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Old Chief v. United States

Supreme Court of the United States

October 16, 1996, Argued ; January 7, 1997, Decided

No. 95-6556.

Case Summary

Procedural Posture

The U.S. Court of Appeals for the Ninth Circuit affirmed defendant's conviction for assault with a deadly weapon, using a firearm in relation to a crime of violence, and possession of a firearm by a convicted felon, holding that the district court did not abuse its discretion by allowing the prosecution to introduce evidence of defendant's prior conviction. Defendant sought a writ of certiorari.

Overview

The charges against defendant resulted from a fracas involving at least one gunshot. Before trial, defendant moved for an order prohibiting the government from mentioning or offering into evidence any testimony regarding his prior criminal conviction for assault causing serious bodily injury, except to state that he had been convicted of a crime punishable by imprisonment exceeding one year. Defendant also offered to stipulate that he had been convicted of such a crime. The government refused the offered stipulation, and the district court ruled that the government was not required to so stipulate. The government introduced at trial, over defendant's objection, the order of judgment and commitment for defendant's prior conviction. The jury found defendant guilty on all counts, and the appellate court affirmed. On certiorari review, defendant argued that his offer to stipulate rendered the prior conviction inadmissible under Fed. R. Evid. 403. The Court agreed, holding that the district court abused its discretion in admitting defendant's record of conviction because its discounted probative value was substantially outweighed by the risk of unfair prejudice.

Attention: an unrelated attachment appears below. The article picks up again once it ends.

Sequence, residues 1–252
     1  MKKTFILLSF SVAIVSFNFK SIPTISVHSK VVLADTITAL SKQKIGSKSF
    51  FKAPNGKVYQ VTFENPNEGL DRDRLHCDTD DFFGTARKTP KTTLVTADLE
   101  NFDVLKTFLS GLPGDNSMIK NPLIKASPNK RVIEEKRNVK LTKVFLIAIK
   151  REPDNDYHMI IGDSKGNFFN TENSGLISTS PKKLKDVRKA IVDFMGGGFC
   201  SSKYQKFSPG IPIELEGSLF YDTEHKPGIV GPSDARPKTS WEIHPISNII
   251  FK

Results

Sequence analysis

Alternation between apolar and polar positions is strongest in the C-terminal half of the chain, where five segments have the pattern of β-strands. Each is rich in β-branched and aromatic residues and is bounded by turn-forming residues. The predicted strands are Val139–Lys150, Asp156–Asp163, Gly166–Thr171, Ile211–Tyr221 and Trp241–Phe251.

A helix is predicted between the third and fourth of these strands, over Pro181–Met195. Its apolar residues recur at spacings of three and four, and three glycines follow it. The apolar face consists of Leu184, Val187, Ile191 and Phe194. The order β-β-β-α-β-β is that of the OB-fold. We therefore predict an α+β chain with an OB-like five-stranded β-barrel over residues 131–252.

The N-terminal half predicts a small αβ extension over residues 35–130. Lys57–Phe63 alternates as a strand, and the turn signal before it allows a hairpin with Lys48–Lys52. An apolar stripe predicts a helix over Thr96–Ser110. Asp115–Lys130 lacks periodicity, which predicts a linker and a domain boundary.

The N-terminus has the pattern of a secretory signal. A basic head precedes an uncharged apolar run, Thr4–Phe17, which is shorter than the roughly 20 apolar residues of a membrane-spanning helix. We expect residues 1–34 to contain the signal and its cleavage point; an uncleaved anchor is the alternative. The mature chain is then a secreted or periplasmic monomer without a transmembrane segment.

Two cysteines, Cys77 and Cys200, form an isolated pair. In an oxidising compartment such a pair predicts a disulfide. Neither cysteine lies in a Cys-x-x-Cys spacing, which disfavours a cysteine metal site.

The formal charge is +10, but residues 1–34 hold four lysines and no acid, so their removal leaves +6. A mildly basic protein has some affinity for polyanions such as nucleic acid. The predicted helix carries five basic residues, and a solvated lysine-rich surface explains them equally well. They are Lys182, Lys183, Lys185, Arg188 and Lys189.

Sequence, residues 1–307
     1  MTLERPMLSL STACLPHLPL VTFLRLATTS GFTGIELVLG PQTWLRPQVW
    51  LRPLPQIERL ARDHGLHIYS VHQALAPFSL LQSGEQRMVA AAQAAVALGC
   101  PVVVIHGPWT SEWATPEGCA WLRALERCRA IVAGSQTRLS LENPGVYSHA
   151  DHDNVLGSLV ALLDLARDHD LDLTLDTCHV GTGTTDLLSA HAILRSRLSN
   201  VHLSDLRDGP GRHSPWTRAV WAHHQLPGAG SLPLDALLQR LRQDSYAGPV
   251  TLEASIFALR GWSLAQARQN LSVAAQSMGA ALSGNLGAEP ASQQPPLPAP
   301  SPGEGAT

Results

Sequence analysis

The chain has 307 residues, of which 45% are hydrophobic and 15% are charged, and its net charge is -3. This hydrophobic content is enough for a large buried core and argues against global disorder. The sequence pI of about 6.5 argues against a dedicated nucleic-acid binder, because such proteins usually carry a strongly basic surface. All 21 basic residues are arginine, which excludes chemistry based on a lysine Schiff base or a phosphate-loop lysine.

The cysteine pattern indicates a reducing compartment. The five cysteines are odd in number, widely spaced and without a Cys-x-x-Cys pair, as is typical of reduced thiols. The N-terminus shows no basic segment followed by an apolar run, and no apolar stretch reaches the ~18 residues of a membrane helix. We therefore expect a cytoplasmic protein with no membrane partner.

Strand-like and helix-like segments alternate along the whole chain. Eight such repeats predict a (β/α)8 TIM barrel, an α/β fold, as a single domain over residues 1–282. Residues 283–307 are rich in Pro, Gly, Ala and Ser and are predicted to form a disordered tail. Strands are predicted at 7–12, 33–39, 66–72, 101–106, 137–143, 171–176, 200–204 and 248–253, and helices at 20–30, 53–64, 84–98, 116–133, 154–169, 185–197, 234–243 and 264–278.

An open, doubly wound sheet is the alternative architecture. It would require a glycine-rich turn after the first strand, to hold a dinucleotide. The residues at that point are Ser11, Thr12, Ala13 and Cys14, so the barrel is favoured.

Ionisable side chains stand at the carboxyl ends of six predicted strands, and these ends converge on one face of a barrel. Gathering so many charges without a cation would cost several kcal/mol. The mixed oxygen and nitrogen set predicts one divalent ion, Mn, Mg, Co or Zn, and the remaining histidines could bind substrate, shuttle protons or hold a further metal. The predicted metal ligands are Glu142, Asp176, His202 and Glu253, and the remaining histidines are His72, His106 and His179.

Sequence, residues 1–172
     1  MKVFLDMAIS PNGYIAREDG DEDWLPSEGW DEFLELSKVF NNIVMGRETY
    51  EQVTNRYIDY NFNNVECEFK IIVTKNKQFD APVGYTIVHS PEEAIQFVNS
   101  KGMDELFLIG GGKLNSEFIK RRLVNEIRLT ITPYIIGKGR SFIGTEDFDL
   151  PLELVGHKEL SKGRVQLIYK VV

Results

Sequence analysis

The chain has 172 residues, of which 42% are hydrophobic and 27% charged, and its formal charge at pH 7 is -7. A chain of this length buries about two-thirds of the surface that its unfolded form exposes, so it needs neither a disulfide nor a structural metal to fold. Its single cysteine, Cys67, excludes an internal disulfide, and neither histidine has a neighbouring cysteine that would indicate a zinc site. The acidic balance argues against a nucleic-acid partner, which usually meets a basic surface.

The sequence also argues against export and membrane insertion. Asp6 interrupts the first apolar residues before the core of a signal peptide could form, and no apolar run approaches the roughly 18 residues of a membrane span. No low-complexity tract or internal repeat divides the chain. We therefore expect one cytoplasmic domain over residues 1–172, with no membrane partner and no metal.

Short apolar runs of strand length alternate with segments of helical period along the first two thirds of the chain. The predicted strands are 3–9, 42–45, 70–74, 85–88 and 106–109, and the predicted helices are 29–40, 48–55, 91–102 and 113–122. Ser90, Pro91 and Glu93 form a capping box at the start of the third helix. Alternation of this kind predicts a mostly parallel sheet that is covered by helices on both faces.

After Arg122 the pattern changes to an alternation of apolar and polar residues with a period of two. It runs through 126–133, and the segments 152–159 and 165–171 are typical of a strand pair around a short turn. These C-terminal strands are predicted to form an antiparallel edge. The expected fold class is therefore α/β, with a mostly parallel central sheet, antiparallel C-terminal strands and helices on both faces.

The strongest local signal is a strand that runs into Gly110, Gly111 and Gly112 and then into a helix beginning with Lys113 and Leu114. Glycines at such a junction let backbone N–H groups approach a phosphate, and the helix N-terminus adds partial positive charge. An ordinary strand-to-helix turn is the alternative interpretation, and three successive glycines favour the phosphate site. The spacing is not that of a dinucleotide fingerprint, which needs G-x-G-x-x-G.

Outcome

The Court reversed the appellate court's judgment and remanded for further proceedings.

LexisNexis® Headnotes

 

 

Criminal Law & Procedure > ... > Possession of Weapons > Unregistered Firearm > Elements

Criminal Law & Procedure > ... > Weapons Offenses > Possession of Weapons > General Overview

Criminal Law & Procedure > ... > Standards of Review > Abuse of Discretion > General Overview

Criminal Law & Procedure > ... > Standards of Review > Abuse of Discretion > Evidence

HN1  Unregistered Firearm, Elements

Subject to certain limitations, 18 U.S.C.S. § 922(g)(1) prohibits possession of a firearm by anyone with a prior felony conviction, which the government can prove by introducing a record of judgment or similar evidence identifying the previous offense.

 

Criminal Law & Procedure > ... > Standards of Review > Abuse of Discretion > Evidence

Evidence > Relevance > Preservation of Relevant Evidence > Exclusion & Preservation by Prosecutors

Criminal Law & Procedure > ... > Standards of Review > Abuse of Discretion > General Overview

HN2  Abuse of Discretion, Evidence

The standard of review applicable to the evidentiary rulings of a district court is abuse of discretion.

 

Criminal Law & Procedure > ... > Use of Weapons > Commission of Another Crime > Elements

Criminal Law & Procedure > Criminal Offenses > Weapons Offenses > General Overview

Criminal Law & Procedure > ... > Weapons Offenses > Possession of Weapons > General Overview

HN3  Commission of Another Crime, Elements

See 18 U.S.C.S. § 922(g)(1).

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519 U.S. 172 ; 117 S. Ct. 644 ; 136 L. Ed. 2d 574 ; 1997 U.S. LEXIS 298 ; 65 U.S.L.W. 4049; 45 Fed. R. Evid. Serv. (Callaghan) 835; 97 Fulton County D. Rep. 174; 97 Cal. Daily Op. Service 177; 97 Daily Journal DAR 277; 10 Fla. L. Weekly Fed. S 238

JOHNNY LYNN OLD CHIEF, PETITIONER v. UNITED STATES

Prior History:  [1]  ON WRIT OF CERTIORARI TO THE UNITED STATES COURT OF APPEALS FOR THE NINTH CIRCUIT.

Disposition: 56 F.3d 75, reversed and remanded.